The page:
Color yellowish- to medium ferrugineous; gaster reddish-brown to deep piceous or near-black; appendages somewhat paler in many specimens.
Variation among the paratypes other than that already mentioned is seen in slight differences in the length, acuteness and position of the preapical teeth and in the shape of the propodeal lamellae. A few specimens show rudimentary development of a trailing lamella from the proximal side of the proximal preapical tooth, recalling the condition in the type of S. godmani, but less extreme. The two Trinidad specimens have slightly the longest mandibles (MI 57), while in the specimen from Para, the MI is 56; the Bolivian series show a range of MI from 52-56, with an average of about 54. This variation, considering the numbers of series involved and the ±1 error for MI determination, is not significant.
Bolton (2000) - TL 3.5-4.0, HL 0.81-0.93, HW 0.65-0.74, CI 80-85, ML 0.45-0.52, MI 53-57, SL 0.54-0.62, SI 82-85, PW 0.44-0.50, AL 0.80-0.94 (10 measured).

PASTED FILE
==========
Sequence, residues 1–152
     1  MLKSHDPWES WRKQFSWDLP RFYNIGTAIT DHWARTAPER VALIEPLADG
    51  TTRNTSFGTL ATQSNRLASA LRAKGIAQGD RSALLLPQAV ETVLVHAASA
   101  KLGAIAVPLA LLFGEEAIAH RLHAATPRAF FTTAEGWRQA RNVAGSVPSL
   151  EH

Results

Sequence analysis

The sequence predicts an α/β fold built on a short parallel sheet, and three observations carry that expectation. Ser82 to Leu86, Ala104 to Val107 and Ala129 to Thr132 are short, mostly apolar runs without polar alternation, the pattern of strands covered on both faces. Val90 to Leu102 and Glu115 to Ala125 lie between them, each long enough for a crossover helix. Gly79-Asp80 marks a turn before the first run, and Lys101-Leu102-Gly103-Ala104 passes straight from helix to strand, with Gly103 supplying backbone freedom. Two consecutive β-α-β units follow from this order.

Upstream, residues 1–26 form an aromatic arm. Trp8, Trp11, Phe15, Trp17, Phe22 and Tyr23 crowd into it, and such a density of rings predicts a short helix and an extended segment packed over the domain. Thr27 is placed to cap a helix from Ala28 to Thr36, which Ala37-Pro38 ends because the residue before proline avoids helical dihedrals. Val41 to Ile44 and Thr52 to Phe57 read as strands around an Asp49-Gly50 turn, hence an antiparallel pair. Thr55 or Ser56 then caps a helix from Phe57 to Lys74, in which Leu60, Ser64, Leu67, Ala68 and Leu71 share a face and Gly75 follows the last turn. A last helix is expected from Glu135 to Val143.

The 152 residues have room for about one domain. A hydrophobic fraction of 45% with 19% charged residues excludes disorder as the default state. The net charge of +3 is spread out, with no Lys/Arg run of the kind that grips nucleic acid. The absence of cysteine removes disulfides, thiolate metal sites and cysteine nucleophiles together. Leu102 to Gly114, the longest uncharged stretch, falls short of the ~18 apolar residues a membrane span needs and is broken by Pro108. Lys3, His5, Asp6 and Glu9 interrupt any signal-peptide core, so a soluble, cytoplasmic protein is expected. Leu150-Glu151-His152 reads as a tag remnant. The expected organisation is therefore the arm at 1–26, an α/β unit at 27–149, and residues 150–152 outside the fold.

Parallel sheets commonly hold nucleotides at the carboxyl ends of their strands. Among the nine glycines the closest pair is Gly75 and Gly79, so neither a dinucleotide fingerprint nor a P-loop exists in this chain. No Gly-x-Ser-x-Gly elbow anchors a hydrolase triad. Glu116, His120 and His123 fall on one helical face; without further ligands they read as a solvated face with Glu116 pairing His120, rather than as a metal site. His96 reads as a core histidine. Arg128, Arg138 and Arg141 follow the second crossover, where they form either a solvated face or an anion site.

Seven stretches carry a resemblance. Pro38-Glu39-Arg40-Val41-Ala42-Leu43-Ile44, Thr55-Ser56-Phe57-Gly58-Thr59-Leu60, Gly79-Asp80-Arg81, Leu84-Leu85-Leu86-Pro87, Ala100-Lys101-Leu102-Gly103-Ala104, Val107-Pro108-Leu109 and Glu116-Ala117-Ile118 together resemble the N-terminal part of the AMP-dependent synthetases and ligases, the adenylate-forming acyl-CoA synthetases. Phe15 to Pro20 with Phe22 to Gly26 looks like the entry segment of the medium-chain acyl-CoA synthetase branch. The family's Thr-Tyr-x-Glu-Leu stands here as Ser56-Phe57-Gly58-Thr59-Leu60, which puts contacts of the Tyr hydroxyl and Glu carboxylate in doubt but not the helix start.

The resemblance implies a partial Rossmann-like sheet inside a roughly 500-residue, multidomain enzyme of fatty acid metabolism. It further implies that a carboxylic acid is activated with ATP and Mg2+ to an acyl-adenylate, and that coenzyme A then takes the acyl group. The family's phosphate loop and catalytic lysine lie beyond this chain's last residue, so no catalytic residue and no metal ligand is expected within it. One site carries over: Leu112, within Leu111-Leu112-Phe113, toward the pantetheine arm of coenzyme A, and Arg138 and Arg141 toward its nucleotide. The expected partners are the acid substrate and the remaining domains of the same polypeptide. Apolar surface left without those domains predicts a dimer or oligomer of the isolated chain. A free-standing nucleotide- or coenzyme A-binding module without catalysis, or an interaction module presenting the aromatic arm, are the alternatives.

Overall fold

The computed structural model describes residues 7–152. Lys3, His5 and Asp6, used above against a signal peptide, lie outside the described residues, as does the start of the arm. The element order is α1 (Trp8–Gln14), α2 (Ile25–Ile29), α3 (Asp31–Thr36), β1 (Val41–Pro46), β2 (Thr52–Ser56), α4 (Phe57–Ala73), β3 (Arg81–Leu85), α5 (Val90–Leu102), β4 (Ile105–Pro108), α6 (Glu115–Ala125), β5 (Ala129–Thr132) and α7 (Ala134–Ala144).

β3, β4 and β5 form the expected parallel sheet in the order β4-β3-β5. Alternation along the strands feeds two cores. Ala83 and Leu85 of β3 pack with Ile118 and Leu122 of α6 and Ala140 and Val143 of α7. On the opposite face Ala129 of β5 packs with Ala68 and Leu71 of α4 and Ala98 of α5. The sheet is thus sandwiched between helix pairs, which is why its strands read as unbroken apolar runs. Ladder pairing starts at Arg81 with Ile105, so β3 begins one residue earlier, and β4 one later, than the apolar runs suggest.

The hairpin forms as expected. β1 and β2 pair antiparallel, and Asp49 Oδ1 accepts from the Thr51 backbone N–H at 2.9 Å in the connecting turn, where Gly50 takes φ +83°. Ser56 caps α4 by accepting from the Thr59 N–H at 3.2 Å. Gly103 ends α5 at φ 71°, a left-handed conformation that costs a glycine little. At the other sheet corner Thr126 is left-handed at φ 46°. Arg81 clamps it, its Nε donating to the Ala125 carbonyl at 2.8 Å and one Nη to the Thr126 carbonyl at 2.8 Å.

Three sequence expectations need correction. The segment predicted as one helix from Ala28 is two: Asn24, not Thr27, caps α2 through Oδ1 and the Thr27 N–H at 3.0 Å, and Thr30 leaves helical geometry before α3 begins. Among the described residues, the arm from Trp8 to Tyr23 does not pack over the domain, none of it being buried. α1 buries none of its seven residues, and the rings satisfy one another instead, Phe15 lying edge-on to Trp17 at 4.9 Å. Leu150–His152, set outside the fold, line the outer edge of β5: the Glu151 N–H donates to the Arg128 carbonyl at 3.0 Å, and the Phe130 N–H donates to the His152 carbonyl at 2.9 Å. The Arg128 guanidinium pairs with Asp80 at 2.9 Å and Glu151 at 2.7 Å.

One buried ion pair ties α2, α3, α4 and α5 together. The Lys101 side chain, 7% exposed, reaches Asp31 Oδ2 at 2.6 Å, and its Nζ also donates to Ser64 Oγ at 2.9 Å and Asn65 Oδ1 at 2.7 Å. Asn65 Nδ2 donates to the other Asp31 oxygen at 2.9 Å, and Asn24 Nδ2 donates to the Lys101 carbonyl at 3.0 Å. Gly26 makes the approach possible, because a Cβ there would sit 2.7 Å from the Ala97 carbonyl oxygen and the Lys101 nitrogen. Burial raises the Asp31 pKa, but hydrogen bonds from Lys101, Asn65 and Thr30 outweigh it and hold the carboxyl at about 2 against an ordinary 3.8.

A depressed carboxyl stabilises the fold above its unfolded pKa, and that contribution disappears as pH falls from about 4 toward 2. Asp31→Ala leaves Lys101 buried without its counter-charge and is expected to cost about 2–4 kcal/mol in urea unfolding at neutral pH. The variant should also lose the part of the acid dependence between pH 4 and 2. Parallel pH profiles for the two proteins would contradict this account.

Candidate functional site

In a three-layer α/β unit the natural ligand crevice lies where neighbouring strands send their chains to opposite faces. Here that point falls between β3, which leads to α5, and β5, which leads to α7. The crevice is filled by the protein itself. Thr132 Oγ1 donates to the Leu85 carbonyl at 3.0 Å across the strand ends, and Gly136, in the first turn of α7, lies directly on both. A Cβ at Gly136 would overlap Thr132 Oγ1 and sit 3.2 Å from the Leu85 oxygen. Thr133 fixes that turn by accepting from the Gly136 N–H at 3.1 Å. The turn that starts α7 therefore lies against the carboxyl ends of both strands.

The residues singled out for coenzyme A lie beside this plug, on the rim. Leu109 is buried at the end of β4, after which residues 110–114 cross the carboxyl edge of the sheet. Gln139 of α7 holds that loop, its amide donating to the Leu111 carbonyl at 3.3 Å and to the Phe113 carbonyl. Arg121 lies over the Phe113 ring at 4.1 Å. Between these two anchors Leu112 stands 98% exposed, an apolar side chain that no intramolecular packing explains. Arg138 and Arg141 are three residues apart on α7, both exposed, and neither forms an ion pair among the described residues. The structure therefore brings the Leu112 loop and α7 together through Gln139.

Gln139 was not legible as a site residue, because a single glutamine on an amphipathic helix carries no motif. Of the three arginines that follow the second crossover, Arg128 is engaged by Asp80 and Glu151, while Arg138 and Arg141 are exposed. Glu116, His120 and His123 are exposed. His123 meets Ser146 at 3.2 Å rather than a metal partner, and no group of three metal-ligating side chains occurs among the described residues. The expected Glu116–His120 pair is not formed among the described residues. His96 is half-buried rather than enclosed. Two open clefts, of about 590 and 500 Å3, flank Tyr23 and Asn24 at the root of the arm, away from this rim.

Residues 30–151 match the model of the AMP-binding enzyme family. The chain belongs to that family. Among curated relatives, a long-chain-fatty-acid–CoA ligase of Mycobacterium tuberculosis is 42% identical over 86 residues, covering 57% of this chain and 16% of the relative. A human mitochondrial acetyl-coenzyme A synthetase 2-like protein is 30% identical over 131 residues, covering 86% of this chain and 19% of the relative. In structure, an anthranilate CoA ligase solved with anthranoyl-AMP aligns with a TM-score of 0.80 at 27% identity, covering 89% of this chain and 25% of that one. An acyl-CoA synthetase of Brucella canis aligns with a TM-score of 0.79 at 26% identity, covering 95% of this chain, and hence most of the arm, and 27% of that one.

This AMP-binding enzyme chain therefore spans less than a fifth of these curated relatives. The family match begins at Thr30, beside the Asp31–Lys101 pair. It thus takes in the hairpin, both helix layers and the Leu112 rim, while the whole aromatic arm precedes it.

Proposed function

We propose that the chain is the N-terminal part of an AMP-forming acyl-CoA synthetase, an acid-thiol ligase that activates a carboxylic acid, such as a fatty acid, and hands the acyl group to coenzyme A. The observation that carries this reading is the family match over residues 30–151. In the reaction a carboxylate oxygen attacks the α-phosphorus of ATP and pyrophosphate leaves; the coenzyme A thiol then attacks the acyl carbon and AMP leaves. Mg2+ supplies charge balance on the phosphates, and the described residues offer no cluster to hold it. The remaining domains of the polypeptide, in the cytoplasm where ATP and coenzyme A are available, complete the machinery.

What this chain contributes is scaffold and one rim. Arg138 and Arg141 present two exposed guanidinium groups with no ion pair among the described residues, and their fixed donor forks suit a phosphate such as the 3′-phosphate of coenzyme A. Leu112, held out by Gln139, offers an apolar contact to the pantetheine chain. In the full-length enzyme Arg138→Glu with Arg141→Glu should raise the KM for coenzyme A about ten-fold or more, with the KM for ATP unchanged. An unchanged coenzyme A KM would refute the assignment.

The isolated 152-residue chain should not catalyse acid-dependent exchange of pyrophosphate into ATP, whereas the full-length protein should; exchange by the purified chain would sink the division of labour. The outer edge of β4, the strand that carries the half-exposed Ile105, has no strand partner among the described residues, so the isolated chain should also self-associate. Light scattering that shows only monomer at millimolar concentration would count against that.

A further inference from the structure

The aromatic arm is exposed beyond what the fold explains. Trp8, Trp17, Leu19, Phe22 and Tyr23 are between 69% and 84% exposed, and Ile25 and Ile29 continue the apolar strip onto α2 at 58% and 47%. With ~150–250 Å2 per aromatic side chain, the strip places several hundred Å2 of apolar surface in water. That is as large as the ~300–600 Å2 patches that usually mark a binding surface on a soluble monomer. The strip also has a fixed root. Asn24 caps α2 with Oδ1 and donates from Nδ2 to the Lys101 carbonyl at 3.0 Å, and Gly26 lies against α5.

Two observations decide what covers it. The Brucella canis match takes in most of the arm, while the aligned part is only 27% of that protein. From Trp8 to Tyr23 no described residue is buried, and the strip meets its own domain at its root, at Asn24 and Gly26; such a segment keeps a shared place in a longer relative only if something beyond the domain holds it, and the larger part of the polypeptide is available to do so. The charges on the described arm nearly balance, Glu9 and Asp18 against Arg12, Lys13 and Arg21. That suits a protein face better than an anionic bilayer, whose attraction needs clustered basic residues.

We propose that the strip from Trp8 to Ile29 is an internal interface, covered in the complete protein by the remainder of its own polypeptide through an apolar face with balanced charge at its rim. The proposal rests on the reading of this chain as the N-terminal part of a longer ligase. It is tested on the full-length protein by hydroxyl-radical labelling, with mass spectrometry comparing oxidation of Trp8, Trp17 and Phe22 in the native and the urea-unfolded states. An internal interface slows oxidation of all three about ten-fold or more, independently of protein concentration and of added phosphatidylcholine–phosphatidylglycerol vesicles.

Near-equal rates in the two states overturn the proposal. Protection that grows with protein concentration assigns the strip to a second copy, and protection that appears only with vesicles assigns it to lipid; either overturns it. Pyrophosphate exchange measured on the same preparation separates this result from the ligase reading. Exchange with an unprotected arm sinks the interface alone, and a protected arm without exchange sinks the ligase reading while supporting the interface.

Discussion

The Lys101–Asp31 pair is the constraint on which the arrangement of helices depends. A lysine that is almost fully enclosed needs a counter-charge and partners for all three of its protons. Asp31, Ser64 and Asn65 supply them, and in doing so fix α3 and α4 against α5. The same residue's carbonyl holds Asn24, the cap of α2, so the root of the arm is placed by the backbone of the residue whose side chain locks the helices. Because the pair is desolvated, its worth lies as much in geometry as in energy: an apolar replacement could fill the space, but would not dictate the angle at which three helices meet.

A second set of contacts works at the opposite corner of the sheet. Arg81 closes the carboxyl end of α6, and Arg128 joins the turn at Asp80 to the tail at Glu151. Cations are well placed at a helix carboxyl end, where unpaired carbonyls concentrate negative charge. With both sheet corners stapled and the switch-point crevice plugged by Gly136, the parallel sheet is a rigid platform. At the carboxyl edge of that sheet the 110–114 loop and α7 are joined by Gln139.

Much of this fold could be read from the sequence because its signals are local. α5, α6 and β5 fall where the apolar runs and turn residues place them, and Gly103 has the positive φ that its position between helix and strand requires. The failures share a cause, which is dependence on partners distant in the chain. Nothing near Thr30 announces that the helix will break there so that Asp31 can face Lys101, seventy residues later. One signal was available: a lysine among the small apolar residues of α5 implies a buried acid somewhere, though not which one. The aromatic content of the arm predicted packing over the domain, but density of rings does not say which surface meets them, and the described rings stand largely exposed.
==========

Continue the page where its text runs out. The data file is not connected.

Characters of mandibularis-complex. Proximal preapical tooth located just proximal of midlength of inner mandibular margin. Length of proximal preapical tooth equal to, or slightly less than, distance between preapical teeth. Outer margins of mandibles strongly arched outwards at full closure. Upper scrobe margin with 2-3 projecting stiff hairs; vertex with 2-3 pairs of standing hairs. Propodeal declivity with two close-set peaks or projecting angles linked by a short lamella. Postpetiole disc usually about as long as broad, sometimes fractionally broader than long; disc reticulate-punctate, usually also with traces of longitudinal costulae at least anteriorly. Standing long fine hairs present only near base of first gastral tergite. Basigastral costulae sparse and short but quite strongly defined.